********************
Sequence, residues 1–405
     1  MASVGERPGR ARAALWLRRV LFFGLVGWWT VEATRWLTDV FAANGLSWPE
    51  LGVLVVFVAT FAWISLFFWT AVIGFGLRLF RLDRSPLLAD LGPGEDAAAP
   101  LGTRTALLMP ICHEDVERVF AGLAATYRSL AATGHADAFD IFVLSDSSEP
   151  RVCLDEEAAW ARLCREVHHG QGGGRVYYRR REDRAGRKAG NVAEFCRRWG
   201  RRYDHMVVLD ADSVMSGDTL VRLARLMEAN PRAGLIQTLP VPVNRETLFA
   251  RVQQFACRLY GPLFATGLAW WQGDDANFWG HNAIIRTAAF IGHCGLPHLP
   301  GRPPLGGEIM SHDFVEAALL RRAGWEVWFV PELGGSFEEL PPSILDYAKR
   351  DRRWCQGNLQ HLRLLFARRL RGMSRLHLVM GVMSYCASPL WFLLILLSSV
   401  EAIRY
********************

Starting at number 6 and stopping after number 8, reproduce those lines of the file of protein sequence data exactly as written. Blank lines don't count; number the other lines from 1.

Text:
   201  RRYDHMVVLD ADSVMSGDTL VRLARLMEAN PRAGLIQTLP VPVNRETLFA
   251  RVQQFACRLY GPLFATGLAW WQGDDANFWG HNAIIRTAAF IGHCGLPHLP
   301  GRPPLGGEIM SHDFVEAALL RRAGWEVWFV PELGGSFEEL PPSILDYAKR